Grand Rapids, Grand Haven, and Muskegon Railway (Images of Rail)

Grand Rapids, Grand Haven, and Muskegon Railway (Images of Rail)

Language: English

Pages: 128

ISBN: 146711359X

Format: PDF / Kindle (mobi) / ePub

The Grand Rapids, Grand Haven & Muskegon (GRGH&M) Railway was part of a network of electric railroads that spread across southern Michigan in the early part of the 20th century. For nearly 30 years, the railway connected Grand Rapids with Muskegon and Grand Haven on the Lake Michigan shore. The fast and frequent service it offered transformed life in Coopersville, Nunica, Berlin (now Marne), Fruitport, and other smaller communities along the way. In addition, the railway and the boats of the Goodrich and Crosby steamship lines provided an overnight connection with Chicago and Milwaukee. Moving both people and freight, this interurban had an important impact on both local and regional economies. Images of Rail: The Grand Rapids, Grand Haven & Muskegon Railway traces the history of the electric interurban in West Michigan, telling the story of the growth, operation, and eventual demise of an important electric railway in the region.














the tracks in front of the carbarn at Fruitport. Both cars are outfitted with banners promoting the Food Show, an annual trade event held by the Grand Rapids Retail Grocer’s Association. The interurban often used its cars to help promote events, and sometimes transported attendees to and from these affairs. Car No. 102 was typical of the freight cars operated by the line. It was one of the three original freight cars built by the Barney and Smith Car Company, and each car was self-propelled.

Wilmington, Delaware. The Jackson and Sharp cars were almost identical to the original Barney and Smith cars, differing mainly in the number of windows and the door details. The newer cars were also three feet longer than the original cars. Additional cars were needed by 1906, and the Wasson Company built cars No. 107 through 109. Car No. 107 is shown here at the Fruitport carbarn in 1908. The distinctive flat front set the cars off from the others in the fleet. The freight cars were scheduled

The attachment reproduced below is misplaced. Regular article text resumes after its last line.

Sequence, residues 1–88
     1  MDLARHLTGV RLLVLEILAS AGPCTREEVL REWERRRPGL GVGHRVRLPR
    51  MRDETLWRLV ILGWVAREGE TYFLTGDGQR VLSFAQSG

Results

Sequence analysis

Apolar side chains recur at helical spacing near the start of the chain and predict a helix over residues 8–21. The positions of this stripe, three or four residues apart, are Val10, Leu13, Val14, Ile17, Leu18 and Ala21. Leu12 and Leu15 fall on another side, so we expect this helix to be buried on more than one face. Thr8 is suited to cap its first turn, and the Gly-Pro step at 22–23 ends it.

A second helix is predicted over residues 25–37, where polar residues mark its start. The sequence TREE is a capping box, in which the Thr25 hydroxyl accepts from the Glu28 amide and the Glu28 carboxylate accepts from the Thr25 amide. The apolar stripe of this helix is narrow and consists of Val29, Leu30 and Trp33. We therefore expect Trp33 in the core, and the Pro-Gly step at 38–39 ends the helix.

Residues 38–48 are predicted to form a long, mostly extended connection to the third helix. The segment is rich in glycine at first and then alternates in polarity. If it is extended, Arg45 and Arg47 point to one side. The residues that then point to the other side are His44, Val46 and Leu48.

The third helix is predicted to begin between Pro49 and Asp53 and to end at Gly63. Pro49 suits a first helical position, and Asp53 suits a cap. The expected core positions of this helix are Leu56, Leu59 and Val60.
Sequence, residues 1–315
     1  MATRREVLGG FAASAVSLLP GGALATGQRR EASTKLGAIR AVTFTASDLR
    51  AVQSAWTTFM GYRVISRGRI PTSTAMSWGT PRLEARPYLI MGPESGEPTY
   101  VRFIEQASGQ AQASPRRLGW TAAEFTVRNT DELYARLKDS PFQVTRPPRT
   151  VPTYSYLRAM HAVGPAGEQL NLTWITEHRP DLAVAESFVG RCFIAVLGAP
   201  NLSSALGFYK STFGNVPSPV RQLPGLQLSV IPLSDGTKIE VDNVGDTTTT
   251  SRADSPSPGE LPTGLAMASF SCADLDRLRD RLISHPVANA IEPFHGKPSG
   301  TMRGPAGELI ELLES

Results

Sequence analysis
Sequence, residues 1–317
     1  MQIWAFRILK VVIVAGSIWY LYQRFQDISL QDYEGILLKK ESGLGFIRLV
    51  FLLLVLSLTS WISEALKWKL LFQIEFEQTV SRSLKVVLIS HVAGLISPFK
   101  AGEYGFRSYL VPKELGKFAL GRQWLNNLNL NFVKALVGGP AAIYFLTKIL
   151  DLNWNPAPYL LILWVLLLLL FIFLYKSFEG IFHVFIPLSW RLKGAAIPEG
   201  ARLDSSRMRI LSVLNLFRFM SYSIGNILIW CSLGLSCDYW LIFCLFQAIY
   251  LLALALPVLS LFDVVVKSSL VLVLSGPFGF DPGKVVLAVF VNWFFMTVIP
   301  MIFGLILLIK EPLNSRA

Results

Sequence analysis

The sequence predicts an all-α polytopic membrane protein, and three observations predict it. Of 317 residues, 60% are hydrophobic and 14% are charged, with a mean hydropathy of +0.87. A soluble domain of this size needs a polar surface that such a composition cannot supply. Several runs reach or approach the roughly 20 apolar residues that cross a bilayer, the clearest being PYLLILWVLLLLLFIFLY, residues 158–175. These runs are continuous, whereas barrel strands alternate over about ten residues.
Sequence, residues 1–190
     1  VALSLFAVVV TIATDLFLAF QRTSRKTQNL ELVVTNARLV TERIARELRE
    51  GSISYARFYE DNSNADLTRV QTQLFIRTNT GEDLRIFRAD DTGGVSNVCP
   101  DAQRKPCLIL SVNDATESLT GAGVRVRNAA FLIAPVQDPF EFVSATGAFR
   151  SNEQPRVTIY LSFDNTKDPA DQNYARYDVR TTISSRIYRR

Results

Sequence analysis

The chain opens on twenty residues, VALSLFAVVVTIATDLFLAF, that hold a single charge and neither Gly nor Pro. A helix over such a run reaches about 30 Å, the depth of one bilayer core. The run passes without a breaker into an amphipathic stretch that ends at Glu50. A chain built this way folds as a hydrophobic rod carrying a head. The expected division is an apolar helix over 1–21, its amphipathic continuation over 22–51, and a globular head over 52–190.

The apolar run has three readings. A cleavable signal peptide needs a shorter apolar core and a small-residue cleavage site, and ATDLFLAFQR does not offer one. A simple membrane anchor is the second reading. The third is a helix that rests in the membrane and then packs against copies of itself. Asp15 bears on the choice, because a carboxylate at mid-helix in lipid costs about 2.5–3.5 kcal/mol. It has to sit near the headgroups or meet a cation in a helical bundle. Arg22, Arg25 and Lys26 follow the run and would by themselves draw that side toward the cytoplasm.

as extra trains, which meant they had to keep clear of the passenger trains on the line, making sure they pulled into a passing siding well before a passenger car was due to pass by. 75 By 1917, the company was purchasing cars made of steel rather than wood. Car No. 116 was manufactured by the G.C. Kuhlman Company in Cleveland, Ohio. Shown here at the factory, the car is sitting on a set of factory trucks used to move it during construction. The operating trucks, as well as the motors and

Haven. Pinkerton guards were brought from Chicago to enforce the restrictions. 90 Conductor Guy Burdsall poses for the camera. When a car was on the line, the conductor was in charge of the car and responsible for its safe operation. 91 From left to right, conductors Roy Kinney and Apolis “Polly” Griswald stand on the fender of Car No. 13 next to Louis Christopher and William Smith. Christopher and Smith were office employees for the company. From left to right, Michigan senator Vincent A.

freight room. High-voltage AC power entered through the tower on the left. 23 The substation equipment was located at the rear of the building. The device in the foreground is a rotary converter, which used the AC power from the powerhouse to create DC power for the cars. The control panel along the wall operated the converters and sent power to the tracks. Over the years, as more cars were added to the operation, additional substations were built in Spring Lake and Muskegon Heights to keep up

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